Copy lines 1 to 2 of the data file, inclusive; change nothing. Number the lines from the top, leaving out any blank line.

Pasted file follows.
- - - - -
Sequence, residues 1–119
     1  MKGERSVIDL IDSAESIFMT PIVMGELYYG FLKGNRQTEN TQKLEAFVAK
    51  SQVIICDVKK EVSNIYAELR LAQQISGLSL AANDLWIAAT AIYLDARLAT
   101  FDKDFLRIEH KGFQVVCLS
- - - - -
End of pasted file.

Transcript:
Sequence, residues 1–119
     1  MKGERSVIDL IDSAESIFMT PIVMGELYYG FLKGNRQTEN TQKLEAFVAK